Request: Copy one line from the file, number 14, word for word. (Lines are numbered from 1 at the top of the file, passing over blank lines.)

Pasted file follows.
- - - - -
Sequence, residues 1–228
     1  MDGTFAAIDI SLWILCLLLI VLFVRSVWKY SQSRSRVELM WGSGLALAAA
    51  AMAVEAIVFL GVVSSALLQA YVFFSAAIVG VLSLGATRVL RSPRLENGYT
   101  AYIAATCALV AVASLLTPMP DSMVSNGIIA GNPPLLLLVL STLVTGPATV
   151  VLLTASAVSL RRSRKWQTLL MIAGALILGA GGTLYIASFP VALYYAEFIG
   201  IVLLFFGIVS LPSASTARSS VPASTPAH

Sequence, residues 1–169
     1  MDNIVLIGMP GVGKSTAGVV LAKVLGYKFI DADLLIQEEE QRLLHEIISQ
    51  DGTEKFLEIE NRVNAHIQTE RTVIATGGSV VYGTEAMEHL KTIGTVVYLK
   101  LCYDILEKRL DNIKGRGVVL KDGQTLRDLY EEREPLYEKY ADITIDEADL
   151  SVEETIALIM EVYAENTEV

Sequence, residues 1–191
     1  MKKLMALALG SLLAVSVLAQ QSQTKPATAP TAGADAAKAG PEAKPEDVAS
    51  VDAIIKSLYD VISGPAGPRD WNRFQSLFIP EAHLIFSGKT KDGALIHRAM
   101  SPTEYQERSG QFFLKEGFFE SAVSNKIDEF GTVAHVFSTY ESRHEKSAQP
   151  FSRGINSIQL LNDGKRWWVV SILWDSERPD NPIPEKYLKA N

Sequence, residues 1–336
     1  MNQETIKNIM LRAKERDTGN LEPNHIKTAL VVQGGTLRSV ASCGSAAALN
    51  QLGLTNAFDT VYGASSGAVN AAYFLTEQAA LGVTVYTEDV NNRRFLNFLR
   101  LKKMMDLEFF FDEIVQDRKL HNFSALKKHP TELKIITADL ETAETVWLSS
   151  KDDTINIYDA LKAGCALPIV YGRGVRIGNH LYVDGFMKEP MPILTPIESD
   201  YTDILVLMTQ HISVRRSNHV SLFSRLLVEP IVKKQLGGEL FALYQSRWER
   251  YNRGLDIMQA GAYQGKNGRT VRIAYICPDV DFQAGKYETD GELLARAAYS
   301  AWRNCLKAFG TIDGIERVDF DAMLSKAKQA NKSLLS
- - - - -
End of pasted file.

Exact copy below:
    51  VDAIIKSLYD VISGPAGPRD WNRFQSLFIP EAHLIFSGKT KDGALIHRAM